Germany’s national team barely managed to draw with soccer minnows Iceland in an important European Championship qualifying match on Saturday. Afterwards, coach Rudi Völler attacked journalists for expecting more.
Germany's normally calm coach Völler was highly irate after a 0-0 draw with Iceland.
Since managing to become World Cup runners-up last year, Germany’s national soccer (or football, if you prefer) team has slid into a crisis of mediocrity. Numerous injuries, a dearth of creative play and most of all a glaring lack of goals have all conspired to bring the once mighty football nation to its knees in just over a year’s time.
Despite being in a fairly easy qualifying group for the 2004 European Championships with Scotland, Iceland and the Faeroe Islands, Germany has struggled to book a berth for the finals in Portugal next summer.
Saturday’s match against Iceland in Reykjavik showed the Germans in their by now to be expected uninspired form. After managing a scoreless draw with Iceland’s team of unspectacular yet motivated players, most commentators said Germany was lucky to have avoided an embarrassing loss.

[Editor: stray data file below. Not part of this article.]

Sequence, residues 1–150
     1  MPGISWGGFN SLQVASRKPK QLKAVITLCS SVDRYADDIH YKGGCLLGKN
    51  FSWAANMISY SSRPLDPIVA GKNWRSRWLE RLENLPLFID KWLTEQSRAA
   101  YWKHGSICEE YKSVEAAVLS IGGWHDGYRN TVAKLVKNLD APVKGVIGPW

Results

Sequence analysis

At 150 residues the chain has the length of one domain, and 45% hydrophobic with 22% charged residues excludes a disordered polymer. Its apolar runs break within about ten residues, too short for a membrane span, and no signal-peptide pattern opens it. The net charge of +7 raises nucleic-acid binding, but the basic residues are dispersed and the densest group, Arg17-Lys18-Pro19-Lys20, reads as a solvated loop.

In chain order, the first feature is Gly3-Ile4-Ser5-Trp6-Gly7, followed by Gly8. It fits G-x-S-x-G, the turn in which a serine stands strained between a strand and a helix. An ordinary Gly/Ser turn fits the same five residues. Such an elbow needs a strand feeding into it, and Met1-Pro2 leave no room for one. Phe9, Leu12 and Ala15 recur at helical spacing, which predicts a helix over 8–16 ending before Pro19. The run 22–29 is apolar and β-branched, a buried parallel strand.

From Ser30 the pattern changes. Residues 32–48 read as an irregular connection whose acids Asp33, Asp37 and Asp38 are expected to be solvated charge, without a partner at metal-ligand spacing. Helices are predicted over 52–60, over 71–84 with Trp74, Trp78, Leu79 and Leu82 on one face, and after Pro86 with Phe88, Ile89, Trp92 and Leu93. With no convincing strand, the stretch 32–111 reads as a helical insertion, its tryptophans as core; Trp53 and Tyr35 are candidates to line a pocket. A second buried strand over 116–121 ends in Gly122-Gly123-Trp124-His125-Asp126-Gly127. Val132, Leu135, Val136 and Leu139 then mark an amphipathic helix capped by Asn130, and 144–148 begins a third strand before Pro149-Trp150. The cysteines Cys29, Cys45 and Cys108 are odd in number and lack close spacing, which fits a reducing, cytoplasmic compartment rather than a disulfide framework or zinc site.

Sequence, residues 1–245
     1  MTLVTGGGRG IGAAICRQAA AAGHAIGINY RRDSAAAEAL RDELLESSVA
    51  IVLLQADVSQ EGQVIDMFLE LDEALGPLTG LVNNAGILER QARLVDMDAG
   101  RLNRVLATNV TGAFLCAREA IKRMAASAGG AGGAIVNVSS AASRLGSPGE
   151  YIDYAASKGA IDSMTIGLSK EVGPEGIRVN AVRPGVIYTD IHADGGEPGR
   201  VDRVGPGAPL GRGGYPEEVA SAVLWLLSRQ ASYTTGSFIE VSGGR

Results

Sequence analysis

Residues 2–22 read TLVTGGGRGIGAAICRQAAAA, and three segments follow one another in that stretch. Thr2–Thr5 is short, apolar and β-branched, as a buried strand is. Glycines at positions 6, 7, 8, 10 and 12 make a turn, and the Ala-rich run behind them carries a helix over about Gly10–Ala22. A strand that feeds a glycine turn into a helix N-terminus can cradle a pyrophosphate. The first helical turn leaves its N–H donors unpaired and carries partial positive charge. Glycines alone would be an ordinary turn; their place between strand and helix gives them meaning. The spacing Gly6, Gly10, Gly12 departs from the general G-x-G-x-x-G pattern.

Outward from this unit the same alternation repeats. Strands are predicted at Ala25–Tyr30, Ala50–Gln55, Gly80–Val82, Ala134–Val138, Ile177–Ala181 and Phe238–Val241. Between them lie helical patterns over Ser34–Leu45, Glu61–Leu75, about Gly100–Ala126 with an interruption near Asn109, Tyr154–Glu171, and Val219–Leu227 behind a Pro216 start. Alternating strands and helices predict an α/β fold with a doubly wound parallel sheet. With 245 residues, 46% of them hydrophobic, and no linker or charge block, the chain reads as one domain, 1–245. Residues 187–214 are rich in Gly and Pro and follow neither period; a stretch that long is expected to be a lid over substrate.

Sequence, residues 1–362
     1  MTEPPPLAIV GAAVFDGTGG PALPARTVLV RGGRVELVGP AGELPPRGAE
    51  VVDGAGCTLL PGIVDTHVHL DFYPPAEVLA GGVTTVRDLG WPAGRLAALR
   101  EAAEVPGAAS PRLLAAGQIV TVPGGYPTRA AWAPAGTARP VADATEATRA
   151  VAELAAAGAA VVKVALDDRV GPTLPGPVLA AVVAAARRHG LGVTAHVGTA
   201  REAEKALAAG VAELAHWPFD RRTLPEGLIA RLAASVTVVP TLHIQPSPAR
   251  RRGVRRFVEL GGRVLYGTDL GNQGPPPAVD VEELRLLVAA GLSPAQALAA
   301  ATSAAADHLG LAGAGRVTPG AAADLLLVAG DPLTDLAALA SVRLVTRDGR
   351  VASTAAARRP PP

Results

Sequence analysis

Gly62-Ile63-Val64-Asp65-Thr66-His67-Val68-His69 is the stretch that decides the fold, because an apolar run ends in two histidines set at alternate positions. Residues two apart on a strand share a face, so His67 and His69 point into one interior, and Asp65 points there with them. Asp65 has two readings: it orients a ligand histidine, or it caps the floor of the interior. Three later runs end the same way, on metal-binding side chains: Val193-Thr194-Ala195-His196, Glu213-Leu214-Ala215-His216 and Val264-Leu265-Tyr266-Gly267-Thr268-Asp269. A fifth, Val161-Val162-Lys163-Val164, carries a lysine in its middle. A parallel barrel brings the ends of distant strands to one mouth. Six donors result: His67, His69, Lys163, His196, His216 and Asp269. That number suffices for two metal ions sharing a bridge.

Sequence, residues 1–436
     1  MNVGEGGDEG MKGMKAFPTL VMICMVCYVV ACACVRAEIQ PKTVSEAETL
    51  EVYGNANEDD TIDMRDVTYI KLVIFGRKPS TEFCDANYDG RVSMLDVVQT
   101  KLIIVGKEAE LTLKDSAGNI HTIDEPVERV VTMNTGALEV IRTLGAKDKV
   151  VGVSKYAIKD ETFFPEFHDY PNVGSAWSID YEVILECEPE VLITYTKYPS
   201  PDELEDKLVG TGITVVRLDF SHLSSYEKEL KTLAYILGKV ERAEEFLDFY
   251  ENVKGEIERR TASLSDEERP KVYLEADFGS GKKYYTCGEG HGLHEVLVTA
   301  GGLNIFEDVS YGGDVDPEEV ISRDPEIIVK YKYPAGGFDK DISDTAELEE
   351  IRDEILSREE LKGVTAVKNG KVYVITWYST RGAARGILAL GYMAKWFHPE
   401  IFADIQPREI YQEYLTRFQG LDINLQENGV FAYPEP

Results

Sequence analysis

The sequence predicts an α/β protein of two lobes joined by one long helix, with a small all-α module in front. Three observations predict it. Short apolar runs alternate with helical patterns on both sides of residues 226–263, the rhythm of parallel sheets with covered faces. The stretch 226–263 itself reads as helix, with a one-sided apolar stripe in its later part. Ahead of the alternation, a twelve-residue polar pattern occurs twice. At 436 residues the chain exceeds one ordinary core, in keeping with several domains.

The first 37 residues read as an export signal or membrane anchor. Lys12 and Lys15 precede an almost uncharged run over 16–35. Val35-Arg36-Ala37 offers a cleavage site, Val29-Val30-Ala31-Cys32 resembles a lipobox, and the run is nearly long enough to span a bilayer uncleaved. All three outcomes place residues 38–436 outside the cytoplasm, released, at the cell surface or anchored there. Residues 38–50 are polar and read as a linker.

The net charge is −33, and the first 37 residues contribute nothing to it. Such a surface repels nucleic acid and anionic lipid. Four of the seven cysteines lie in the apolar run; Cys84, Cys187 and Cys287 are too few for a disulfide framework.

But after the match German national coach Rudi Völler was so upset by criticism from ARD television sport commentators Gerhard Delling and Günter Netzer that he launched into a tirade attacking their unrealistically high expectations.
“That’s complete rubbish what Delling said. After every match that we don’t score a goal it’s a new even lower low point,” complained Völler. “I just can’t hear this crap anymore!”
No more Mr. Nice Guy
Völler, who took over as national coach three years ago, then went on to lambaste armchair critics throughout Germany, saying he was tired of keeping quiet as people unfairly judged his team from “upon high.”
Völler’s outburst surprised many, since the well-liked former star national striker has largely been spared criticism himself despite the team’s troubles. “Rudi Flips Out!” read the headline of Germany’s Bild am Sonntag tabloid newspaper in response to the normally mild-mannered Völler’s vitriol. But Völler said he was no longer prepared to remain as quiet as his predecessors Erich Ribbeck and Berti Vogts had in the past.
“I have to defend myself and the team against those who are dragging us into the mud. The performance today was not in order. But we didn't lose. We were fortunate to come away with a draw,” he said.
Germany still can still easily qualify for next year’s European Championships with home wins against Scotland next Wednesday and Iceland in October, but after the team’s performance in Reykjavik nothing is being taken for granted.
“We control our own destiny,” said German midfielder Michael Ballack. “We know we have to play better soccer.”
Without a marked improvement there will be little way to stop many German soccer fans from not asking themselves how the 2002 World Cup runners-up could play so poorly, but rather how the consistently mediocre national team ever managed to make to the World Cup finals in the first place.